Despite judgment, Essential Energy vows to continue fracking patent fight by Dan Healing, January 5, 2016, Calgary Herald
A legal showdown over who owns a well completion technology helping fuel the shale oil and gas boom in North America will rage on despite a first-round court victory by the company that claims to hold the patent, says Essential Energy Services Ltd.
The Calgary-based company vowed in a news release Monday night that it will continue to defend itself against a patent infringement claim launched by privately owned Packers Plus Energy Services Inc., despite Packers’ claim earlier Monday of a victory over Canuck Completions Ltd. in a similar lawsuit. Packers is based in Calgary; Canuck in Sylvan Lake, 150 kilometres to the north.
Essential president and chief executive Garnet Amundson contended in an interview on Tuesday that privately owned Canuck abandoned its defence in order to “make it go away” so it could complete a deal to be sold to TMK Completions, a Houston-based subsidiary of Moscow-based steel pipe manufacturer TMK Group.
He said the judgment delivered by the Federal Court of Canada last month — rendering $7.7 million in damages, $495,000 in costs, the dismissal of Canuck’s counterclaim and upholding of Packers’ patent — doesn’t affect his company’s ability to make its case in court. Packers launched a suit against Essential in October 2013, three months after filing its Canuck claim.
“The decision with Packers Plus and Canuck, in our interpretation, was a mediated settlement which gets submitted to the court and that’s what a consent judgment is,” Amundson said.
Essential’s trial has been set for February 2017. Amundson said his company is committed to presenting evidence to prove that it hasn’t violated Packers’ patent and that the patent is invalid anyway because Packers’ “Open Hole Multistage Ball Drop Fracturing System” was in common use well before the patent’s effective filing date of November 2001.
He said it’s possible other companies being sued by Packers will support the fight.
“What’s wonderful for us now, as Packers Plus has been rapidly issuing similar lawsuits to many other energy services companies, there’s a commonality of belief. A whole bunch of service companies, including ourselves, aren’t going to intentionally violate a patent.”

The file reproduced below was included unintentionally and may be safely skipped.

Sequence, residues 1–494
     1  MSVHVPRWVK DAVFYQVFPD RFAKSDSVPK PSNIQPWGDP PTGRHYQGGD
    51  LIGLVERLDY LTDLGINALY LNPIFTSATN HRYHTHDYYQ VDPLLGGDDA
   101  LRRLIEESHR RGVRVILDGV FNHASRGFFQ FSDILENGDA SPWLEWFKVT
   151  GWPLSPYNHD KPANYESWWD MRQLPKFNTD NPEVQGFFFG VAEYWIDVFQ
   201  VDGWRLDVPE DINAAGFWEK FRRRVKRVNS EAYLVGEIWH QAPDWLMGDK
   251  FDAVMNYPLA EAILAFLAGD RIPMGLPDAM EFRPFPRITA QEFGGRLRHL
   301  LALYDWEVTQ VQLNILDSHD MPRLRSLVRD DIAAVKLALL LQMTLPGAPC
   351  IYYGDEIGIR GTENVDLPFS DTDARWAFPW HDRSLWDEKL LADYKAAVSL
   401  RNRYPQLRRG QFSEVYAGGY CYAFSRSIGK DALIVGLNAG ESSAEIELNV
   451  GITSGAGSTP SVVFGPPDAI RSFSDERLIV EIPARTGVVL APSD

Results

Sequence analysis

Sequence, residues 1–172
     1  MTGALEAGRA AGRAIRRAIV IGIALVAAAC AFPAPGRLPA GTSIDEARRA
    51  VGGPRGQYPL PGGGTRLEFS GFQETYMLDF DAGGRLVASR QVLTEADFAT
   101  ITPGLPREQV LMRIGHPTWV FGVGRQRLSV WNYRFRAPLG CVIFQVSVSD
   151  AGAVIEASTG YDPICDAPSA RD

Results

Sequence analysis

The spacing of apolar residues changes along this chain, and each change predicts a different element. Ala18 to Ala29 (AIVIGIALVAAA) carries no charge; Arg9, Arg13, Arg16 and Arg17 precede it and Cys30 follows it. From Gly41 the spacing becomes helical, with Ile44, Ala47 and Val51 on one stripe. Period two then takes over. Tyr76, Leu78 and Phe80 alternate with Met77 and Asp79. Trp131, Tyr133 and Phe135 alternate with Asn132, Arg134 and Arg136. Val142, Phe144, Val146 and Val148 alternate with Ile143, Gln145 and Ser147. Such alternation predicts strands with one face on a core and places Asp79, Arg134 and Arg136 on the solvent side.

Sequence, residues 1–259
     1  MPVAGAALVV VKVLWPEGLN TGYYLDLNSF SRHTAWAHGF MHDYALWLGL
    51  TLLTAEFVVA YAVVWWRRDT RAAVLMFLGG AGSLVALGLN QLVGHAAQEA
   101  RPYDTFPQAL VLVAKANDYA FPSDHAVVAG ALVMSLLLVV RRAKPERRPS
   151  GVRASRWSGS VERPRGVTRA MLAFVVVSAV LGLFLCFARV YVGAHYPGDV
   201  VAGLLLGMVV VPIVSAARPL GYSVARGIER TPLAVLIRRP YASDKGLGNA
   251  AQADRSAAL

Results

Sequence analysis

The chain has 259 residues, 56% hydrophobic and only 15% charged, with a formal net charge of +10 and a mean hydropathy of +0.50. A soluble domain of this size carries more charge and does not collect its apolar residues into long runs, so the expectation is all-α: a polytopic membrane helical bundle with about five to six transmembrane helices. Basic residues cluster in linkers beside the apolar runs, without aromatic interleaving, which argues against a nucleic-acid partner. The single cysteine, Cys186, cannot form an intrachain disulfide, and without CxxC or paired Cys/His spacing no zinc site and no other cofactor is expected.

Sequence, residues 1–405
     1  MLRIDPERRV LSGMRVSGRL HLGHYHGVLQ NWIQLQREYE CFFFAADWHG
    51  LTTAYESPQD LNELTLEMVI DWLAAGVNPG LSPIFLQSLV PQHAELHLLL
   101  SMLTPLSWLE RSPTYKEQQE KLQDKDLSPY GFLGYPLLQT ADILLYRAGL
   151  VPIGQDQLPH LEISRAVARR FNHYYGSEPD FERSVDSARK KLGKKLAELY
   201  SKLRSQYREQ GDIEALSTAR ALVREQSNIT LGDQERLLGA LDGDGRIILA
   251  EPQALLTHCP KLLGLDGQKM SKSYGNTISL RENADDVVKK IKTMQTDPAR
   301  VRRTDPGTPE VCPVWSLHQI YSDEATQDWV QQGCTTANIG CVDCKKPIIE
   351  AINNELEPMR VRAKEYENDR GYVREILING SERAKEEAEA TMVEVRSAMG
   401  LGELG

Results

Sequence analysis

Tracey Beaudoin, general counsel for Packers, said on Tuesday that Essential is incorrect when it suggests Canuck and Packers agreed to a settlement. She said the court made its judgment based on Canuck admitting to the facts in the claim.
“If we had settled, there would have been a settlement agreement outside of court, that’s typically the mechanism. There was no settlement,” she said. “They (Essential) say the judgment doesn’t appear to be based on a review of the merits but there were reasons why Canuck didn’t want the merits to be reviewed.”
She said she can’t reveal how many patent lawsuits Packers is currently involved in because they are at various stages of development and some haven’t been disclosed publicly.
In an interview Monday, Packers president and CEO Dan Themig said the court decision proves that the patent is valid, adding Packers spent tens of millions of dollars to develop and perfect its technology and will continue to enforce its ownership rights.
… Ball drop technology is used in multi-stage fracking. It involves launching a ceramic ball the size of an orange with fluid into a well. When the ball reaches its target, it activates a port and opens a sleeve. Sand is pumped down at high pressure to fracture the rock. When the fracturing is completed, another ball is launched to fracture the next stage.
Packers’ lawsuit against Essential targets its Tryton MSFS ball and seat system which it began using in 2009. Essential said its other products and services are not affected. [Emphasis added]
[Read Andrew Nikiforuk’s new book, Slick Water, for a “deft history of fracking” including the original frac patent lawsuits]